Wardour was in some dread of what her son would say when he came to know what she had been doing; for, when we are not at ease with ourselves, when conscience keeps moving as if about to speak, then we dread the disapproval of the lowliest, and Godfrey was the only one before whom his mother felt any kind of awe. Toward him, therefore, she kept silence for the present.

"Ay, there it goes," said the Antiquary; "you, to be a staunch Tory, Sir Arthur, have nourished a fine sprig of Whiggery in your bosom Why, Miss Wardour is alone sufficient to control a whole quarter-session a quarter-session? ay, a general assembly or convocation to boot a Boadicea she an Amazon, a Zenobia." "And yet, with all my courage, Mr.

"I don't want to begin visiting," she said. "I am so busy, Miss Saxon! In this life of mine there is so much to do is there not?" "I have a boy of five years old, His face is fair and fresh to see, His limbs are cast in beauty's mould, And dearly he loves me." Three days went by, and then Elsie bent her steps to Wardour Street again.

What she understood, she encountered willingly and bravely; but, the simplest thing that seemed to involve any element of obscurity, she dreaded like a dragon in his den. "You don't seem to relish the proposal, Letty," said Mrs. Wardour. "I hope you had not taken it in your head that I meant to leave you independent. What I have done for you, I have done purely for your father's sake.

Wardour was not much less shy; but she knew she must make a beginning, and so spoke in the middle of Kate's second C: and there was a shaking of hands, and walking together. They did not get on very well: nobody talked but Mrs.

The company arrived. There was rap after rap. The whole street was astonished with the noise of the wheels and the rattling of the iron steps of the hackney-coaches. Doctor Feasible had procured some portfolios of prints: some Indian idols from a shop in Wardour Street, duly labelled and christened, and several other odds and ends, to create matter of conversation.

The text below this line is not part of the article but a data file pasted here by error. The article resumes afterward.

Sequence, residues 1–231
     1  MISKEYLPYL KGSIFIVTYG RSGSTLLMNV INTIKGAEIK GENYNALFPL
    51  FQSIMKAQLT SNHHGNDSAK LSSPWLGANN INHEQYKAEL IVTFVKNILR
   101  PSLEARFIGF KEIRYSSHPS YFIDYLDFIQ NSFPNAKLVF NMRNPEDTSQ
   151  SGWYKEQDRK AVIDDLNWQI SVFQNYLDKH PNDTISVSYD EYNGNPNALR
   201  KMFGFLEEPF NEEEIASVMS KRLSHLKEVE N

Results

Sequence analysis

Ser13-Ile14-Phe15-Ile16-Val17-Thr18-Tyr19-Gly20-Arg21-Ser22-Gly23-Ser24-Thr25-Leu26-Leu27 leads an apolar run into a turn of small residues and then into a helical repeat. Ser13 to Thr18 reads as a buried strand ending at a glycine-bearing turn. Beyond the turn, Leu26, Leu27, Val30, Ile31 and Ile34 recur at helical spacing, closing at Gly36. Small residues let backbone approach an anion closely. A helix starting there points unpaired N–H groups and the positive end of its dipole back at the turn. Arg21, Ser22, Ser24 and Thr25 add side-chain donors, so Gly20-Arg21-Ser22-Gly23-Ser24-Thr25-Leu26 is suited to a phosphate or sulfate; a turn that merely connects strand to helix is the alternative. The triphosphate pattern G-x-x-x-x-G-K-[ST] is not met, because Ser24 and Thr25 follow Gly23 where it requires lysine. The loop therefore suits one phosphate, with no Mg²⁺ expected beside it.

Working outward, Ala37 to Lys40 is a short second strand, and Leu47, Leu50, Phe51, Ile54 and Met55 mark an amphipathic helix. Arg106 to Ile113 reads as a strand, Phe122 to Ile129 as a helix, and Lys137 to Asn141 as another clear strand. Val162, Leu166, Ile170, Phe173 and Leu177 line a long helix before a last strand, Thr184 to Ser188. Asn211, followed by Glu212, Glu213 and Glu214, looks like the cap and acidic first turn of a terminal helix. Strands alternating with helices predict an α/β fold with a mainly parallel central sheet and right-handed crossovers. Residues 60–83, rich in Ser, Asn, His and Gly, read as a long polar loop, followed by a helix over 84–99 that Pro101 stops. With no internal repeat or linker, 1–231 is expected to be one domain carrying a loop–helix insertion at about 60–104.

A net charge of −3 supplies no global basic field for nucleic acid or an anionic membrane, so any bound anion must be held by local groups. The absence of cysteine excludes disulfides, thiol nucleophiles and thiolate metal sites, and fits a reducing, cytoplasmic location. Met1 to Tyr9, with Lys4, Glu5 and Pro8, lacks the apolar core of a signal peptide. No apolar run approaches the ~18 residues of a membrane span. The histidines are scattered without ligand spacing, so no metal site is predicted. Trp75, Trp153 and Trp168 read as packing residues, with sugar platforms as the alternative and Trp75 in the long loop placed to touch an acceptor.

"Art thou sad about Captain Wardour?" And the little maid looked up with lustrous and sympathetic eyes, wondering at the long silence. "And do you think he could find my mother and my father? It must be a beautiful world, that heaven, if it is so much finer and better than this, and flowers bloom all the time and the trees never get stripped by the cruel autumn winds and the birds go on singing.

But he thought he observed in the conduct of Captain M'Intyre something of marked and peculiar tenderness, which was calculated to alarm the jealousy of a lover. Miss Wardour also received his attentions; and although his candour allowed they were of a kind which could not be repelled without some strain of affectation, yet it galled him to the heart to witness that she did so.

"Foolish boy, be quiet," said Oldbuck, "and come with me into the room the man is doing his miserable duty, and you will only make matters worse by opposing him. I fear, Sir Arthur, you must accompany this man to Fairport; there is no help for it in the first instance I will accompany you, to consult what further can be done My nephew will escort Miss Wardour to Monkbarns, which I hope she will make her residence until these unpleasant matters are settled."

So short-sighted was she as to originate most of the reports to Letty's disadvantage; but Tom's behavior, on the other hand, was strong to put them down; for the man is seldom found so faithful where such reports are facts. Mrs. Wardour took care to say nothing unkind of Letty.